You’ll never totally get rid of negative feelings, just make sure you accept those feelings, and then “snap” out of it.

Thanks for reading.


I tell people all the time, to have a “Joe DiMaggio Day.”

Let me explain…

When the great Joe DiMaggio was playing for the New York Yankees, there was a meaningless game at the end of the season, after the Yankees had already clinched a post-season spot. He played like he normally did – all out.

After the game, Joe D was interviewed and the reporter asked, “Hey Joe, this game was a ‘nothing’ game…why did you try so hard?”

“Today, there could have been one person seeing me play for the first time…I owe it to them to do my best.”

And now, Derek Jeter applies this philosophy.

Every lesson I teach, I give it my all, as if it’s their first lesson with me. Every motivational talk I give, I pretend that it’s my first. When I worked at the Princeton Racquet Club, I taught every lesson as if my bosses were on the court watching, even if they weren’t even in the building. And every morning, I write my blog in hopes that I can affect just ONE person out there. I think I can, but I don’t know for sure.


I love writing my blog every morning, and in my own weird way, I think I’m changing the world, but I don’t know unless someone tells me. This morning, someone told me…

Dear Ed,

My name is ________ and I am from __________. I’m 21 years old and I just spent the past 2 years in college in the U.S. playing college tennis in a Division 1 school. I ended last year inside the top 50 and I left college after last semester to pursue my childhood dream of playing professional tennis-A decision I am very happy with…

I’ve been reading your blog on and off for the past year and am just writing to thank you for all your inspirational/motivational messages. I turn to your page whenever I need a lift. I’ve had quite a few obstacles over the past year or so and reading your blog/quotes definitely helped me. I think you are an incredible person with a lot of love for the world, it’s good to know there are good people out there… I’m ranked in the 600’s in the world now and believe I can go very far. My ultimate dream is to be top 100 so I can play the slams and slowly but surely it’s becoming a reality…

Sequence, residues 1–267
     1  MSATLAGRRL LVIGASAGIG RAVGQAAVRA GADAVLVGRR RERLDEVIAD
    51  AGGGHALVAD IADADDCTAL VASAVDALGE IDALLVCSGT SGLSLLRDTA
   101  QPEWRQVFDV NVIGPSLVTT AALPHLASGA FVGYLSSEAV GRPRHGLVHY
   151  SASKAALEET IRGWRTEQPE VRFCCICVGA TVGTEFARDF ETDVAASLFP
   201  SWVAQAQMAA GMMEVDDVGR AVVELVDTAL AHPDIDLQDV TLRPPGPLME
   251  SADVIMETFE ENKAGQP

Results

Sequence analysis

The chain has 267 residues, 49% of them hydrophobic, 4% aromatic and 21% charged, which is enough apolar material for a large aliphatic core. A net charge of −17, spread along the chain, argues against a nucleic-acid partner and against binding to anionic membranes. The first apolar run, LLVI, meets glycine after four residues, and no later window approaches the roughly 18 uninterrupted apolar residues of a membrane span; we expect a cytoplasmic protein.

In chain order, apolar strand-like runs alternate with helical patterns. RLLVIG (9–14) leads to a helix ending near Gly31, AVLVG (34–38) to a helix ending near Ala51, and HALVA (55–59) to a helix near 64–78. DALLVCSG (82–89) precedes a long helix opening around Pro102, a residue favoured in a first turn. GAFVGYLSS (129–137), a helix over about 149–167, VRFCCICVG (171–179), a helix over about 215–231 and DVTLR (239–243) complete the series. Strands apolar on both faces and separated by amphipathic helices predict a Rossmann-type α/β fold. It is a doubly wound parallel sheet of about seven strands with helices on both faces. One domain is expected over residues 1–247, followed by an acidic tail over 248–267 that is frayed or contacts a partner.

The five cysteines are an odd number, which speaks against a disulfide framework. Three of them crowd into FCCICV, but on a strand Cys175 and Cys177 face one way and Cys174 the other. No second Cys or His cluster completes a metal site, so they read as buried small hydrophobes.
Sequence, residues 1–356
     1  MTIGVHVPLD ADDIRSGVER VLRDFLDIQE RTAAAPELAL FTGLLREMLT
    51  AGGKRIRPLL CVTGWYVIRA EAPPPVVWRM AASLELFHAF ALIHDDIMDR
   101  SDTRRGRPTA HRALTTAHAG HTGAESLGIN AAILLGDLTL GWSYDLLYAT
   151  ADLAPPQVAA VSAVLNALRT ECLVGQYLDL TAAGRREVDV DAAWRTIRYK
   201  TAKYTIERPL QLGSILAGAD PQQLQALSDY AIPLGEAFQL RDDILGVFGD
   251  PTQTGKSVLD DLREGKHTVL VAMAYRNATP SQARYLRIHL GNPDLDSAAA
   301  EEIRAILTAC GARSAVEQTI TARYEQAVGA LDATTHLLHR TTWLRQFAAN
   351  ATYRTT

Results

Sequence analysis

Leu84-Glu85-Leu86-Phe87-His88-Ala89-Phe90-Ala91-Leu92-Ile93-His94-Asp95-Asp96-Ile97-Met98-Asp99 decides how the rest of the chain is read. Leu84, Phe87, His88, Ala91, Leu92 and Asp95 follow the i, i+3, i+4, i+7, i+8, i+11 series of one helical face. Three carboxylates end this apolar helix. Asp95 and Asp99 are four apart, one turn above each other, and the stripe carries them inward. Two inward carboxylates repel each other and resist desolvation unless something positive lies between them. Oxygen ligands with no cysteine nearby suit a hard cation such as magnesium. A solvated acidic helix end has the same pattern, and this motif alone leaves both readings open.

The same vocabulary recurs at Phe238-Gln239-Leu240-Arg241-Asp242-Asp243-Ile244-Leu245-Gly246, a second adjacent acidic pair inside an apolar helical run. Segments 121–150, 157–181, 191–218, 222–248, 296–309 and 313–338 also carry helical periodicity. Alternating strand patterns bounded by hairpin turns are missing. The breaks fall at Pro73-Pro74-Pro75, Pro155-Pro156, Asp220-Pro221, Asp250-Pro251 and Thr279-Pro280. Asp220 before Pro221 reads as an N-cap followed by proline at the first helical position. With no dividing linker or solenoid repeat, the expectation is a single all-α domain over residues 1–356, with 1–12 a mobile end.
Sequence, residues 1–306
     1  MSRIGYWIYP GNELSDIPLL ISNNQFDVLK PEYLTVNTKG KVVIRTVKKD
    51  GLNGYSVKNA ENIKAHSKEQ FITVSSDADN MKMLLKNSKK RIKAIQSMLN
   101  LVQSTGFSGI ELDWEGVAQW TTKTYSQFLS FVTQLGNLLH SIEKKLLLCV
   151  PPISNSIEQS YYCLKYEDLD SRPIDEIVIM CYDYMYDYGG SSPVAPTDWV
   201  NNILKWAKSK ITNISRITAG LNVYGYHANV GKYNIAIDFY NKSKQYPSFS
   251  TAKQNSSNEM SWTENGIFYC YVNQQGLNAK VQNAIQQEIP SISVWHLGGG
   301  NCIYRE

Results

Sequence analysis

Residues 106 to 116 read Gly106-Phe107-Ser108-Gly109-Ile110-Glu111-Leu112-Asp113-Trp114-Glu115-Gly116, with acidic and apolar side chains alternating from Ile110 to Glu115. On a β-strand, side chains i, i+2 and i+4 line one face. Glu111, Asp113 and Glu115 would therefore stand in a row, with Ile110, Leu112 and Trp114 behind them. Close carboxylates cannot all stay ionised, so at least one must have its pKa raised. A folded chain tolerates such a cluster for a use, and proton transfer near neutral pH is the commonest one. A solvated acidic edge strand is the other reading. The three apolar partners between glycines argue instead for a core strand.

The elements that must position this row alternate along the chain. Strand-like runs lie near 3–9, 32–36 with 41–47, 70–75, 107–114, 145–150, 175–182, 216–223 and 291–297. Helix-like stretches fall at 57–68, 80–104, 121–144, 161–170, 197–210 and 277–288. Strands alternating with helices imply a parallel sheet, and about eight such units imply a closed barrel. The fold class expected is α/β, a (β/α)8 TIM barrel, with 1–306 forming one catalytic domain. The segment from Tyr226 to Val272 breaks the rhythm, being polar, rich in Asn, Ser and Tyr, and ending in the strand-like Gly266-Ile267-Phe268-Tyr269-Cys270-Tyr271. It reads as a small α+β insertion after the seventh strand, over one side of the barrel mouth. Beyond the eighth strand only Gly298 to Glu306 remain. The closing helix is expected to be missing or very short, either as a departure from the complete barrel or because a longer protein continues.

Anyway, I’m sure you’ve got a million messages to read every morning so I’ll sign off. I’ve no doubt our paths will meet in the future at some pro tennis tournament. I will definitely be playing some challengers in California at some point. Thank you so much for everything man and keep on spreading the love!

Best wishes,


P.S. I know you like to put down people’s names in your blog but I’d prefer it if you didn’t use mine. Maybe when I make top 100 though! 🙂

Notice he said, “when” I make the top 100, not “if.”

Thanks for reading…and have a Joe DiMaggio Day…


Today’s message is especially dedicated to the great Derek Jeter.

Many people ask me what it takes to be a winner.

Most people think winning is the result you get, whether it’s money, a trophy, grades or a raise.

I call those things by-products.

Winning, in my mind, is your effort.

Your attitude.

Your character.

If you do your best…how can you do any better?

If you have the right attitude, you can overcome any obstacle or condition.

And if you have character, well then you’ve got it all.

Last night I watched the final game at Yankee Stadium. I enjoyed the game, the re-caps, the tributes and my own personal memories of the House that Ruth Built. It was hard to choose one thing to blog about, but after the game, I knew instantly…

After the final out and some celebration, the New York Yankees and their captain, Derek Jeter, took the microphone at the pitcher’s mound.

Jeter spoke on behalf of the team and he didn’t talk about how great they were, or their 26 World Championships.

He talked about what an honor it was to put on the pinstripes. And talked about how it was a team effort from players present and past. And most importantly, they thanked their fans…and they meant it. That’s class.

Many people hate the Yankees because they have won so much and they have such a big payroll. I can see that. But I’m a Yankee for life because they have class. They are professionals. And last night confirmed it.

Yankee Stadium…thanks for the memories.

Thanks for reading.

Hope to see you tonight at the first book signing of “Game. Set. Life.” at Amalfi’s Restaurant in Lawrenceville, 7-9 PM.